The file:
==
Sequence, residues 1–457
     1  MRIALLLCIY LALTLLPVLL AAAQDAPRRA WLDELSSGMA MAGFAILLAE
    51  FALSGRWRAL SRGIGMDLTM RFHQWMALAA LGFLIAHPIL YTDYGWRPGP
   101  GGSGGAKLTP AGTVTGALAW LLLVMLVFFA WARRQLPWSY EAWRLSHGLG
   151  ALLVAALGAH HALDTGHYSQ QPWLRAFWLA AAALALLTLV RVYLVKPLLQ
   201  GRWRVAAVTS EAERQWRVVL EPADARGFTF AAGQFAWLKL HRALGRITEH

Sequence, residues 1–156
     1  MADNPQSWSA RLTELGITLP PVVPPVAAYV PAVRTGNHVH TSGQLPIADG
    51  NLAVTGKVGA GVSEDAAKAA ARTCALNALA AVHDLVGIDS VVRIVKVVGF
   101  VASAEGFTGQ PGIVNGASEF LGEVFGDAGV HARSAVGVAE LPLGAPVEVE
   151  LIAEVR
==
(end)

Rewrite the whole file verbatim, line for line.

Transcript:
Sequence, residues 1–457
     1  MRIALLLCIY LALTLLPVLL AAAQDAPRRA WLDELSSGMA MAGFAILLAE
    51  FALSGRWRAL SRGIGMDLTM RFHQWMALAA LGFLIAHPIL YTDYGWRPGP
   101  GGSGGAKLTP AGTVTGALAW LLLVMLVFFA WARRQLPWSY EAWRLSHGLG
   151  ALLVAALGAH HALDTGHYSQ QPWLRAFWLA AAALALLTLV RVYLVKPLLQ
   201  GRWRVAAVTS EAERQWRVVL EPADARGFTF AAGQFAWLKL HRALGRITEH

Sequence, residues 1–156
     1  MADNPQSWSA RLTELGITLP PVVPPVAAYV PAVRTGNHVH TSGQLPIADG
    51  NLAVTGKVGA GVSEDAAKAA ARTCALNALA AVHDLVGIDS VVRIVKVVGF
   101  VASAEGFTGQ PGIVNGASEF LGEVFGDAGV HARSAVGVAE LPLGAPVEVE
   151  LIAEVR